• 20% – 35% of daily calories from healthy fat
• Include healthful fat in every meal
• Use fats sparingly—a little bit goes a long way
• Use vegetable stock, chicken stock, tomato juice or water, in place of oil, to help limit your fat intake
Fat often gets a bad rap, but the truth is fats are an important macronutrient in your diet. Fat provides fuel for you to burn. It provides a cushion for your organs, maintains cell membranes. Fat helps your body to absorb fat soluble vitamins, which in turn help give your skin a healthy glow. However, because fat acts as a flavor enhancer, it is all too easy to wind up with too much fat—and the wrong kind of fat—in your diet. When it comes to including fat in your daily diet, it needs to be the right fat in the right amounts.
Fat sources can be divided into three basic categories: healthy fats, fats to be used sparingly, and fats to avoid altogether.
• Healthy fats are unsaturated fats found vegetable oils, nuts, seeds and fish. The best sources of healthy fats are olive oil, canola oil, flax oil, nuts, fish oil and avocado.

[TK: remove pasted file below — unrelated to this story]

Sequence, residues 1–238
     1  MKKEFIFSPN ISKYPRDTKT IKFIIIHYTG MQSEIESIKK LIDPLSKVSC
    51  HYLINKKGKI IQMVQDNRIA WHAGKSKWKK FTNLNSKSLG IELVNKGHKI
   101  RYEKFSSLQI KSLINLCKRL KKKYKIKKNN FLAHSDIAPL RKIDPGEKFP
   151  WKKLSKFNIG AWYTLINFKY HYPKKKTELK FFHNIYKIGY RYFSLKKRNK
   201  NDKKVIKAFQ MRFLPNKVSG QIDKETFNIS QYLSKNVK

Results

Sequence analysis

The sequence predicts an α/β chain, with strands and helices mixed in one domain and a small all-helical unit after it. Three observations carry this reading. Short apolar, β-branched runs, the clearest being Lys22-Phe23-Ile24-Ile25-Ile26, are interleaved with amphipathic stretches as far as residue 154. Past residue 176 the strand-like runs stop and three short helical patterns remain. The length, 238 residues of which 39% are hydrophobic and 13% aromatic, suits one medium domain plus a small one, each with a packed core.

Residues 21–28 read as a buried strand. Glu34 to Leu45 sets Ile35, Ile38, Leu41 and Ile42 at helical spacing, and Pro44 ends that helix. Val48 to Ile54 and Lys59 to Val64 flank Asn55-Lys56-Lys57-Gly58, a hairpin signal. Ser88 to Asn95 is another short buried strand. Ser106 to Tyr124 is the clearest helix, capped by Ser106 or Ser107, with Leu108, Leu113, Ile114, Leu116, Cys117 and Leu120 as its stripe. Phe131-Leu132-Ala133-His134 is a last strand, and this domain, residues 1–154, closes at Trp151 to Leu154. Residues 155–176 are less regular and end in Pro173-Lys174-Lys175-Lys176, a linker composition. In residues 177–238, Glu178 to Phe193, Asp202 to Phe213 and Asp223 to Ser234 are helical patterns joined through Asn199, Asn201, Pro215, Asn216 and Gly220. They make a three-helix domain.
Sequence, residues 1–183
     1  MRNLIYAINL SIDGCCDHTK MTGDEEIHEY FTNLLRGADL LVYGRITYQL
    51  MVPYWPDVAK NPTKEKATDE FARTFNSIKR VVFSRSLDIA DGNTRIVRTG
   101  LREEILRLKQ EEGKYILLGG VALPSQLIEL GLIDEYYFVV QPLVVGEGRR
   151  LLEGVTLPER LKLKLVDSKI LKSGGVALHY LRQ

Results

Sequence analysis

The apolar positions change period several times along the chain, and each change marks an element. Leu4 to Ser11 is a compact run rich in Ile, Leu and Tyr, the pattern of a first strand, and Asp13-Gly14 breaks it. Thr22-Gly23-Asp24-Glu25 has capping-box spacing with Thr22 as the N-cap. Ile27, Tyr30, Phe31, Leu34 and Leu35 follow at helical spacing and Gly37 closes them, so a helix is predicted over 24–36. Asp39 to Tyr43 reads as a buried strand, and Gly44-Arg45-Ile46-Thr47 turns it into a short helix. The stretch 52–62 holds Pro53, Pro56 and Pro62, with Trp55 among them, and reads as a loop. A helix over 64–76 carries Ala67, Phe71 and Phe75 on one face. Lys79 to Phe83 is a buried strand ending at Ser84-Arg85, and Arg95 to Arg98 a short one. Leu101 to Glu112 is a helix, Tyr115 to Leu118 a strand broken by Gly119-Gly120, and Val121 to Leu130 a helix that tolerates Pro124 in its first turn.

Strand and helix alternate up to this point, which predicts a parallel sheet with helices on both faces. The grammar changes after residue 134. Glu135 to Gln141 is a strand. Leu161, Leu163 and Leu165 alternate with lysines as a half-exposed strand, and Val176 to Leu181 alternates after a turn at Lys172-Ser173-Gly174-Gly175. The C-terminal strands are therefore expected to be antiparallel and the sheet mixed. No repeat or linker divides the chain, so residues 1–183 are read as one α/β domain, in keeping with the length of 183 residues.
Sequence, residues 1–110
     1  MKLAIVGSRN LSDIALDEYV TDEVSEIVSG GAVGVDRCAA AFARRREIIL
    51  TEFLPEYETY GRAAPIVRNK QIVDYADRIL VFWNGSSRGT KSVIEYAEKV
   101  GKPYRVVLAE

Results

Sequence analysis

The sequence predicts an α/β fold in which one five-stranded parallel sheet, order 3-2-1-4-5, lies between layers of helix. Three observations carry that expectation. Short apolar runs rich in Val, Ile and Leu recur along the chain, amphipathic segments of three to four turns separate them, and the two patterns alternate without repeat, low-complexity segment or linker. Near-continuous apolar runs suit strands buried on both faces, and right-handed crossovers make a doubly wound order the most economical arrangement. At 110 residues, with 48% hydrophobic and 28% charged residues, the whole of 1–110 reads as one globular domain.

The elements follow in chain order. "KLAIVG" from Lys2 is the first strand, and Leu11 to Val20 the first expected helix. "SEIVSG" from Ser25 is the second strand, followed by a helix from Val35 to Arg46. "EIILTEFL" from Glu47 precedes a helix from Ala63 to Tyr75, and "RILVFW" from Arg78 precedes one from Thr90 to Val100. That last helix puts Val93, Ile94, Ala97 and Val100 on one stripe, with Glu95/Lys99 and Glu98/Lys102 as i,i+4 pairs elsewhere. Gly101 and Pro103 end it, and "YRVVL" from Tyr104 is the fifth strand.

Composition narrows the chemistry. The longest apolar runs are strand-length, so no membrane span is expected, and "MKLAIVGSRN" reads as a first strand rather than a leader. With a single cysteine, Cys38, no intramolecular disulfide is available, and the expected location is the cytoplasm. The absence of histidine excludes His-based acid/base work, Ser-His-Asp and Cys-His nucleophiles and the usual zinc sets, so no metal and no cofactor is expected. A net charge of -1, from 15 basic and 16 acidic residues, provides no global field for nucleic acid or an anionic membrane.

• Fats to be used sparingly are saturated fats found in meats and dairy.
• Fats to avoid are trans fats that have been linked to a myriad of health problems, including heart disease. Trans fat is created by a process in which hydrogen is added to vegetable oil to make it solid, so that foods can last longer. Trans fat is found in processed foods like margarine, cakes, cookies, crackers, breads, snack foods, and even “health food bars.”
Micronutrients are vitamins, minerals and trace elements found in foods. You need miniscule amounts of these nutrients to complete a healthful diet. If you’re eating a well-rounded diet with a variety of colorful fruits and vegetables, you should be getting the micronutrients your body needs. For this reason, I don’t prescribe supplements with the Outdoor Fitness program. A high-quality multi-vitamin is a good idea. Think of it as nutritional insurance—a way to fill in any gaps in your whole-food diet.